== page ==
We are currently working with partners across Wales to implement our recommendation for a national nature service for Wales. With the rapid changes in the workforce over the course of Brexit and the pandemic, there is a renewed focus on the need for good and meaningful work, that pays financially, as well as environmentally and socially, and responds to the needs of different communities.
There is mounting concern about the loss of farms in Wales to corporate tree planting and carbon trading. Drawing on FFCC’s work on natural capital with Middlesex University, we’ve been engaging with stakeholders across farming, food and finance to explore fair and equitable solutions to the natural capital question in a Welsh context.
In particular, there is growing interest in aggregated models for food producers who have a stake in natural capital, but need fairness embedded in the system to ensure they are not exploited by greenwashing schemes and unaccountable trading. In discussion with government and the Climate Change Commission, we plan to further investigate how a mutualised approach to natural capital can create the financial mechanisms needed to support farmers in this transition – while still protecting the cultural, linguistic and socio-economic fabric of rural Wales.
"Agroecology finds a broad pathway for resilient and sustainable farm businesses across Wales and the UK, taking more responsibility for UK food security. “
Hywel Morgan and FFCC Chief Executive Sue Pritchard put forward the case for farming with nature to create more dependable revenues.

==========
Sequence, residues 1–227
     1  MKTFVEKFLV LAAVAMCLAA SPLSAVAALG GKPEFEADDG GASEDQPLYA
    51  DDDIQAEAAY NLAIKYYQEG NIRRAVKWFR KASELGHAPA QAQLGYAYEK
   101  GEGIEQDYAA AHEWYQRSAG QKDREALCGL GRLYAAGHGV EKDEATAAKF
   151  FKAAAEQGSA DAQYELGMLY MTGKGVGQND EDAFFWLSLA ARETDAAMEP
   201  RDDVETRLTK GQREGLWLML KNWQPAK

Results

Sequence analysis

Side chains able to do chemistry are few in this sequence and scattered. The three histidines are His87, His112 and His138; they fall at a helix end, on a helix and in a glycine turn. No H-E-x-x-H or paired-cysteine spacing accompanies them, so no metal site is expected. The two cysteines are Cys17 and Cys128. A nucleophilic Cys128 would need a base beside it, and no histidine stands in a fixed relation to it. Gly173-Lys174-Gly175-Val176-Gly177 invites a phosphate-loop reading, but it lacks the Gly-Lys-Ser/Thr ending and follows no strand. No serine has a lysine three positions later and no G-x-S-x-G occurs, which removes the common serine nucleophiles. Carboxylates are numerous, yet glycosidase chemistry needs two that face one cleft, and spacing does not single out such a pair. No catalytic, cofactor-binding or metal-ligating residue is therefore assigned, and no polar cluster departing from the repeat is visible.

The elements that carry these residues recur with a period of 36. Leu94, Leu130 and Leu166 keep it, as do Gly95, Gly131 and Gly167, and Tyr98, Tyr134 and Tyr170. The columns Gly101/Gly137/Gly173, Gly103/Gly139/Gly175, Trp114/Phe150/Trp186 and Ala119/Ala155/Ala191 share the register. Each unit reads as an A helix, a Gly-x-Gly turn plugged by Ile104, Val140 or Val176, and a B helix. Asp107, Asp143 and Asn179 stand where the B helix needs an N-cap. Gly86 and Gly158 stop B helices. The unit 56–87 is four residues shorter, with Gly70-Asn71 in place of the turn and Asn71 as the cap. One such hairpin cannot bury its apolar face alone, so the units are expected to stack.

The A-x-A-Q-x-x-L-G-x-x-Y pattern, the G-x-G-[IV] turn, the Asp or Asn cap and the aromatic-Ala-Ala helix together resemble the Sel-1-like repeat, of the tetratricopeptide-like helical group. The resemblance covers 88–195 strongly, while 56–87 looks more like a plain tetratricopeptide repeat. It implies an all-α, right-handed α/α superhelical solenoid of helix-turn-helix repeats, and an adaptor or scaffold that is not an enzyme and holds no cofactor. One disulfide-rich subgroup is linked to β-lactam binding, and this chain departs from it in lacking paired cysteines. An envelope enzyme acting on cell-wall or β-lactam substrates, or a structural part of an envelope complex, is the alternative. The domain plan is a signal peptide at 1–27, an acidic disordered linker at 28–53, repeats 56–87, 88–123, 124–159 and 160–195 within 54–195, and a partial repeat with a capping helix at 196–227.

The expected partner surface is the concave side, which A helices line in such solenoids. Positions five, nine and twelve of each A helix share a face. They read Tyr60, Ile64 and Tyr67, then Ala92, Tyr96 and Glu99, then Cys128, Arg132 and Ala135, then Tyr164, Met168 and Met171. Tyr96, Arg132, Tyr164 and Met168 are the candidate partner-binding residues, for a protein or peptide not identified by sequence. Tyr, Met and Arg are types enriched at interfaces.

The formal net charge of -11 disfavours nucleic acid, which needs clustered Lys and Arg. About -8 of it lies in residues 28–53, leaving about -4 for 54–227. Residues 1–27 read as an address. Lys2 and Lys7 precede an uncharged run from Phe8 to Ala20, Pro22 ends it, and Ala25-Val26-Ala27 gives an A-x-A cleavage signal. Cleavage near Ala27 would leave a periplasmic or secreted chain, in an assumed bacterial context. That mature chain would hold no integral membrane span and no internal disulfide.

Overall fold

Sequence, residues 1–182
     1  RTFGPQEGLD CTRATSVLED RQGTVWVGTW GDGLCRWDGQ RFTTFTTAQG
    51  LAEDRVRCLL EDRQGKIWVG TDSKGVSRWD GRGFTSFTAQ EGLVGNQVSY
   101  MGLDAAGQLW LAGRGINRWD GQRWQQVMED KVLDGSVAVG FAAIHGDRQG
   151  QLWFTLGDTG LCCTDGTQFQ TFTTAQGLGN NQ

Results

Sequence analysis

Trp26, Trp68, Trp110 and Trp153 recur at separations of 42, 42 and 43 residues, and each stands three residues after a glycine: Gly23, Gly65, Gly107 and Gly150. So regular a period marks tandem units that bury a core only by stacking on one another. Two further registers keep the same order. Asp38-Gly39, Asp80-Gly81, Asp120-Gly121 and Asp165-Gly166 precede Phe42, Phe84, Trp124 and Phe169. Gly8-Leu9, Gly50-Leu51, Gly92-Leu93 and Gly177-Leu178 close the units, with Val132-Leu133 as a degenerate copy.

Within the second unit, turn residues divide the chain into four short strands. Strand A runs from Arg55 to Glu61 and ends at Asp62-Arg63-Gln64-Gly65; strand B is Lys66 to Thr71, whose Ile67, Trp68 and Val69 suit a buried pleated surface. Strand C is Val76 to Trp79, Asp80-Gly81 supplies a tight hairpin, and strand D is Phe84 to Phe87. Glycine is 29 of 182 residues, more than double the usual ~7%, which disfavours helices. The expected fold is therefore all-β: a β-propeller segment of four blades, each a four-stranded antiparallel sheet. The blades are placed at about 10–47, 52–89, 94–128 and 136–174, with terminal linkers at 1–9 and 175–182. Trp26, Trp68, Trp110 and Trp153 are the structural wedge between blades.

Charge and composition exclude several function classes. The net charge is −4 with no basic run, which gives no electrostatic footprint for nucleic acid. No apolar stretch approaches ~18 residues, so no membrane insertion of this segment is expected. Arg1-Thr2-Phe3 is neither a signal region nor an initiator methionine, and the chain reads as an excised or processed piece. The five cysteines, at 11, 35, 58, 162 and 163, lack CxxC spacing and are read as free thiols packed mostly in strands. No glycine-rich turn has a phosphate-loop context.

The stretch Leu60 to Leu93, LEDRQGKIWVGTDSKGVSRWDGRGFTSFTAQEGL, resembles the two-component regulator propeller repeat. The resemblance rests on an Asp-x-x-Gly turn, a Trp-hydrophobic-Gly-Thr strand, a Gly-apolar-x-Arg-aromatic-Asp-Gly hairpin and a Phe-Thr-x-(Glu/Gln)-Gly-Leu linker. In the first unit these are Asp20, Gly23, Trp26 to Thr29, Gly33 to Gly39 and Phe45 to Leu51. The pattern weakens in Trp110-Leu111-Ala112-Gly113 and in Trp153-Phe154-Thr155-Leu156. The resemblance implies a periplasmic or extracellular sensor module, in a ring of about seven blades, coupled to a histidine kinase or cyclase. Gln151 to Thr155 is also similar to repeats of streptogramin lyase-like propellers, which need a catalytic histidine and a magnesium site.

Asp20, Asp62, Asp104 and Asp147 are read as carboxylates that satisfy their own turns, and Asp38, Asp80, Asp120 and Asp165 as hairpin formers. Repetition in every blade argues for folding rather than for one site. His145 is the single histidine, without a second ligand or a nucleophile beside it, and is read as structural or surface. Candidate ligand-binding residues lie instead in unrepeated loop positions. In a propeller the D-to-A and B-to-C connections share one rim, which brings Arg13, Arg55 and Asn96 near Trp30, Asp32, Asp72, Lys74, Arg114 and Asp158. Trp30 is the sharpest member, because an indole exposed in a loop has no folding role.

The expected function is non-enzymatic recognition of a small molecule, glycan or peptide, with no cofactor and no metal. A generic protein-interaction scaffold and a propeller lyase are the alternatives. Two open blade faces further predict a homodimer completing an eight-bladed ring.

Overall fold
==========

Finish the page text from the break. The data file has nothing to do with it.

The work of FFCC Wales is focussed on opportunities afforded by the distinctive Welsh legal and policy framework to make rapid progress towards a more sustainable future:
Through FFCC Wales, we support existing initiatives to map and develop a strong and networked food, farming and countryside sector. We work with the Food Policy Alliance Cymru, Natural Resources Wales, farming bodies, citizens action groups and other partners to enhance each other’s work, identify where there are gaps and help to find common ground.
Wales has a distinctive and progressive policy and legal framework, in particular, the Well-being of Future Generations (Wales) Act 2015, which requires the Welsh Government and its public services to put the well-being of current and future generations at the heart of their delivery.
At county level, the development of statutory multi-agency Public Services Boards provides some early opportunities to integrate well-being objectives.
Wales’ landscape is made up of upland and mountainous areas, lowlands, coastal areas and islands. It has wetter climate than much of the rest of the UK. Agricultural land makes up over 80% of the land in Wales, much of which is grassland pasture and designated as ‘Less Favoured Areas’ under European Union designation. Urban development in Wales concentrates around the south and north ‘corridors’, with a large, sparsely populated and poorly-connected central belt. Inequalities are writ large: from the vibrant City regions and university towns, the remote rural villages, to the post-industrial landscapes – Wales is still dealing with the lasting impacts of that history.
In the early days of FFCC Wales, we worked with Carmarthenshire Public Services Board and Menter a Busnes to explore how public procurement could work more effectively to support the seven goals outlined in the Well-being of Future Generations (Wales) Act 2015. Supported by a procurement specialist from Cardiff University, the Carmarthenshire Public Services Board resolved to use the collaborative purchasing power of its statutory public sector partnership members to influence local food supply chains. Separately, a group of farmers, growers and producers in North Wales was established with the support of Menter a Busnes, to look at supply chain barriers - the programme explored issues on both sides of the contracting relationship.
Across UK countries and counties, citizens are taking action. FFCC teams hit the road (on our bikes) in 2021 to find out how they are making change, and what government and business can do to support them. Together, these stories form our Field Guide for the Future